#Icebucketchallenge #Ferguson. Teens and twenty-somethings have created hashtags to trigger change and raise awareness about issues they care about. We have been admonished for only "hashtagging" a topic, claiming to know information when really we are simply joining with the crowd.
It is time for the world to realize that hashtags are now a centerpiece of our culture. I knew what was occurring in Ferguson, but did not understand the magnitude of the situation until I saw it trending on Twitter. After seeing the trend, I searched and began to read about the unjust actions committed by the police department. This curiosity and inspiration to act all started with a hashtag I saw while browsing my Twitter timeline.
It's 2014, a time where social media is the leader in breaking news. In addition to the plethora of Buzzfeed quizzes and pictures of Starbucks, there is information about current crises and campaigns for charity on Facebook and Twitter. The spread of the ice bucket challenge was solely because of the power of social media. People can condemn the refusal by many to donate, and instead dump ice, but the ALS Association has enjoyed the benefits of the ice challenge.
Without the creation of a video by Pete Frates, and his friends' subsequent sharing of the video, many people would be still be unaware of the ALS disease. Sure, some of us teens did not donate, but we are now aware. Some posts on Facebook include descriptions of the disease, or links to the ALS Foundation website. We now understand the terrible feeling of an ALS diagnosis, and will not be misinformed for the future. For now, this awareness is enough. Unlike the unsuccessful Kony 2012 campaign, the ice bucket challenge has allowed those with the disease to speak out. People who have this disease are using the challenge to thank the world for the new-found awareness of ALS.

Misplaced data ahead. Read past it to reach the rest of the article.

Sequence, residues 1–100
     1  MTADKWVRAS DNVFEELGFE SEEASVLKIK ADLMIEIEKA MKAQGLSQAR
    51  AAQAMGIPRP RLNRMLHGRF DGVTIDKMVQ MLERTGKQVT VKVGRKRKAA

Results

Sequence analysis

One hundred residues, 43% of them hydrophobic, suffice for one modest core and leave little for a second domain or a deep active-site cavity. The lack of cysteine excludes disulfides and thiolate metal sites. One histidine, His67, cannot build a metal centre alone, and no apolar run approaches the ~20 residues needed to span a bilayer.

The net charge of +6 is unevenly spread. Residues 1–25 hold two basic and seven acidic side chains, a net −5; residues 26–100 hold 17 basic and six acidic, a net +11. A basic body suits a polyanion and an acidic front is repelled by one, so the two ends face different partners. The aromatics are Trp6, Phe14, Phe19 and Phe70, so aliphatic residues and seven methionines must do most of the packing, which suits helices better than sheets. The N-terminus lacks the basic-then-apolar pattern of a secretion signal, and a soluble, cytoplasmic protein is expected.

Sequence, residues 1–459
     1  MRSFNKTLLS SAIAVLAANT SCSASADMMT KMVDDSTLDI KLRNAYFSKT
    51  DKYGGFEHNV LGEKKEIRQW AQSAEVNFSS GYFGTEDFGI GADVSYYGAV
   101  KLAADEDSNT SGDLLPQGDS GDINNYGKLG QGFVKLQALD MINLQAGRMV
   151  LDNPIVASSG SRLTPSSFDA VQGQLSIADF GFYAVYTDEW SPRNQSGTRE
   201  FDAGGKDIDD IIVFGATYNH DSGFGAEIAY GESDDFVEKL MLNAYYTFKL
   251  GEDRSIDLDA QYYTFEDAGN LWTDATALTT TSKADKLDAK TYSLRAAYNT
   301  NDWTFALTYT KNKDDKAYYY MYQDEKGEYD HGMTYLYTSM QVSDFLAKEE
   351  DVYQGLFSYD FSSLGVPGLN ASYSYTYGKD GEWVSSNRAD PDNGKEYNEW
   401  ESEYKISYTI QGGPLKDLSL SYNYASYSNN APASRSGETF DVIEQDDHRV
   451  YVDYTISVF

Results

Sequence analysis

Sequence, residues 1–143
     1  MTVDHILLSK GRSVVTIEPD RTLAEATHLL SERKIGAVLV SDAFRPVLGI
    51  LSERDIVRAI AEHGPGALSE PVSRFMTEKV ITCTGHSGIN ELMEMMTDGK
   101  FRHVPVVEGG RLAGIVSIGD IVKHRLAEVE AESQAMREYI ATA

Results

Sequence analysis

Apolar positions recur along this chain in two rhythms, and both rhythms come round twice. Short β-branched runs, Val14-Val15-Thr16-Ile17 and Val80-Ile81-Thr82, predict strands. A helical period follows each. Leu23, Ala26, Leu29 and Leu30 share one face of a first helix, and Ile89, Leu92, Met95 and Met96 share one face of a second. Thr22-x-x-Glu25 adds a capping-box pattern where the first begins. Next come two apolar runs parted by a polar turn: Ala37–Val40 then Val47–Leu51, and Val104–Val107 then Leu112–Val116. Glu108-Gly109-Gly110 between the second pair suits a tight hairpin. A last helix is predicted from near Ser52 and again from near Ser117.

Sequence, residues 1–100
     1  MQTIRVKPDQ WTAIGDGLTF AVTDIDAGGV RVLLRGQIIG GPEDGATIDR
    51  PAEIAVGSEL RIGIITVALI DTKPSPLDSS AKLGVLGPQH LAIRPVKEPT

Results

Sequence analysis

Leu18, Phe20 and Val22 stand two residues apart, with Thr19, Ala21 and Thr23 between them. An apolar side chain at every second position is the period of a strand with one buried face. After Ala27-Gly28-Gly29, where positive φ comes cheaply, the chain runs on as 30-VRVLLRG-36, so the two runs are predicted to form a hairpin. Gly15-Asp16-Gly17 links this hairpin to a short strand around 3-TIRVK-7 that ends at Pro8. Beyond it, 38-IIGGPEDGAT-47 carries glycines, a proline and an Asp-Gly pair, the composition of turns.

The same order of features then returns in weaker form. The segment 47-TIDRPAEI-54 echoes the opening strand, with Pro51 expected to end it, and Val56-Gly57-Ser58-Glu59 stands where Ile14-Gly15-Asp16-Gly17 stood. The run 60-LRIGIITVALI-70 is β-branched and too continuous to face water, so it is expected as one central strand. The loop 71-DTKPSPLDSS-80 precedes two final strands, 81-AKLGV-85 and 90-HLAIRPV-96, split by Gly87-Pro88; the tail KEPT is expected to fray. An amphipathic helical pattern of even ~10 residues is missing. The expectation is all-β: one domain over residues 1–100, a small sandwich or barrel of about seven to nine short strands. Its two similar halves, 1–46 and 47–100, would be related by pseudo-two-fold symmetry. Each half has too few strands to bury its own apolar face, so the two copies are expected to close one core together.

I desired to participate in the ice bucket challenge not only to cool myself down during a warm August day, but to be part of a viral movement to bring attention to the horrific disease that is ALS. The mission of the ice bucket challenge is not to cure ALS, rather it is to teach people about the disease. Maybe, in the future, a teenager who learned about ALS through this challenge could be the doctor who finds a cure.
For current events stories, your tweeting and and hashtagging will allow others to find out about the issue, and possibly do something about it. When I clicked on the trend for Ferguson, I stumbled upon Rembert Browne's excellent piece about the situation. I learned more about the protests, and explained it to my peers about it as well. This desire to learn more would not have began without the #michaelbrown or #ferguson I saw on social media.
Police are still harming protesters in Ferguson. ALS is not cured. Has social media affected anything? Social media has allowed people to protest against Michael Brown's murder even though they are not in Ferguson. Without Twitter, Howard University students could not have shown their solidarity for Michael Brown. Twitter is a medium that permits people from all over the world to not only post about the hamburger they had last night, but to speak their mind as well. These students utilized it to protest an injustice.
Imagine if Twitter was around during the Civil Rights Era. Think about the greatness of hashtags such as #ihavedream or #selmatomontgomery Hashtags don't sound too unnecessary anymore, do they?
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